I do like the idea of more free votes. I explained yesterday why allowing free votes or encouraging more independence might make it impossible to construct a budget, get through tax increases or spending cuts, and do other unpopular things. There are many other issues where free votes are possible, because the outcome is not central to a government’s task or do not knock on to other policies and concerns.
Traditionally Parliament has most free votes in so called matters of conscience. These are issues where the splits are not on party lines, and where either result can be accommodated without wrecking government policy generally. Parliament has kept the death penalty off the Statute books by free votes. Criminal justice can continue with or without it. Parliament has free votes on matters like gay marriage and abortion, where religious and other beliefs are often passionately held and not on party lines.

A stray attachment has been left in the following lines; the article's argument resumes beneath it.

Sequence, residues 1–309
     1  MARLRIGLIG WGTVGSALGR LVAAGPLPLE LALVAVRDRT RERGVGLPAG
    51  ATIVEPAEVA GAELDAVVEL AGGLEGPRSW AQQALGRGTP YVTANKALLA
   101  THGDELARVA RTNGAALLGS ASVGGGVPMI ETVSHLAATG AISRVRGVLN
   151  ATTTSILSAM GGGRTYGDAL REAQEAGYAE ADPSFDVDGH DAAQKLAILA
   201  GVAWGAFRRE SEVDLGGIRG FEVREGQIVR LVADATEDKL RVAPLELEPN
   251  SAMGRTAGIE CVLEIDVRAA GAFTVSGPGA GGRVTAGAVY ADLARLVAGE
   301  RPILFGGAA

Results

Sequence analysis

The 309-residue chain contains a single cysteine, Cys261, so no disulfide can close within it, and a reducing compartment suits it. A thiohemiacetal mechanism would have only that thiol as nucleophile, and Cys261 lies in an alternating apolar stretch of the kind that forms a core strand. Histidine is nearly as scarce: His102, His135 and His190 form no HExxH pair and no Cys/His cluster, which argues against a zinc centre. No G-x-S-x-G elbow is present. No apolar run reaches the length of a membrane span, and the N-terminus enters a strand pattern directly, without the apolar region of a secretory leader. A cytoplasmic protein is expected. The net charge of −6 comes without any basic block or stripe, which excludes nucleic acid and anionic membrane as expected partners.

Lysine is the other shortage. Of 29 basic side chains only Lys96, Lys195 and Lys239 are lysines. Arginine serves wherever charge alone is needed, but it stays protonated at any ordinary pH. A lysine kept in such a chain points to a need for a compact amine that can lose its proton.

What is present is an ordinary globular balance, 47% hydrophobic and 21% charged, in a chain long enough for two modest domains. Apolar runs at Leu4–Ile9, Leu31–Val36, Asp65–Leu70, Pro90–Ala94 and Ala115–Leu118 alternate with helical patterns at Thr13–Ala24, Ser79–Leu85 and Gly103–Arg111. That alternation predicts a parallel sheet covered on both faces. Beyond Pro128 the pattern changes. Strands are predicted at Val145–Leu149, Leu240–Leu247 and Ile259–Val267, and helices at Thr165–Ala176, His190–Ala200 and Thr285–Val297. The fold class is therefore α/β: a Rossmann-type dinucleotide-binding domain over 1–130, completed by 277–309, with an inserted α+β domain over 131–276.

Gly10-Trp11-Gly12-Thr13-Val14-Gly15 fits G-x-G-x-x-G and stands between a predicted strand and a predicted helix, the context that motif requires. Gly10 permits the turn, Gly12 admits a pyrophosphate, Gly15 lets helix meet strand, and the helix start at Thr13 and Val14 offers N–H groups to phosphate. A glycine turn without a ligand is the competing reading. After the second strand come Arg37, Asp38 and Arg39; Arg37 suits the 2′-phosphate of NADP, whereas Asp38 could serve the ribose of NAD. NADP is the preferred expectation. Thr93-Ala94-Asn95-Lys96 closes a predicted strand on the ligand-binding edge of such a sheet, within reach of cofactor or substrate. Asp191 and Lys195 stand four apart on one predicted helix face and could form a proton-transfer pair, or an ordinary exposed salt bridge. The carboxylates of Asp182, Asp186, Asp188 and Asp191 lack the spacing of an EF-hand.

This Parliament, with a Coalition government, poses the question of whether there should be more free votes on matters like the constitution. Given the level of rebellion on the issue of a referendum on the EU, the decison to whip the vote on the Conservative side did not have a great deal of traction with the Parliamentary party. Now the party is to be whipped to vote in favour of the Referendum Bill. However, you can also argue that big questions like the nature of the voting system and whether Scotland stays or leaves the Union are ones where a serious party of government should have a unifying position which most of its MPs can accept.
I would like more free votes, but accept there do have to be sufficient things a party of MPs can agree so it can be a governing or opposing force with some coherence on many issues that matter. The secret of leadership is finding those things, and offering free votes where unity cannot exist in good time. In a Coalition by definition there have to be more free votes for backbenchers.